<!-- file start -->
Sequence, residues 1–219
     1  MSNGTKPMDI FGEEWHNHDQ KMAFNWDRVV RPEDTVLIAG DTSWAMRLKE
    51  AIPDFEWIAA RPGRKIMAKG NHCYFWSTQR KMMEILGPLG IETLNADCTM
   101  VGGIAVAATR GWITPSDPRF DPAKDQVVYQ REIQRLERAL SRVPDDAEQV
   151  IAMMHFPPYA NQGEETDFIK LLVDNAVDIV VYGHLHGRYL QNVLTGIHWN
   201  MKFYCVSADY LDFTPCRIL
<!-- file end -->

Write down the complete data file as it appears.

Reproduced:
Sequence, residues 1–219
     1  MSNGTKPMDI FGEEWHNHDQ KMAFNWDRVV RPEDTVLIAG DTSWAMRLKE
    51  AIPDFEWIAA RPGRKIMAKG NHCYFWSTQR KMMEILGPLG IETLNADCTM
   101  VGGIAVAATR GWITPSDPRF DPAKDQVVYQ REIQRLERAL SRVPDDAEQV
   151  IAMMHFPPYA NQGEETDFIK LLVDNAVDIV VYGHLHGRYL QNVLTGIHWN
   201  MKFYCVSADY LDFTPCRIL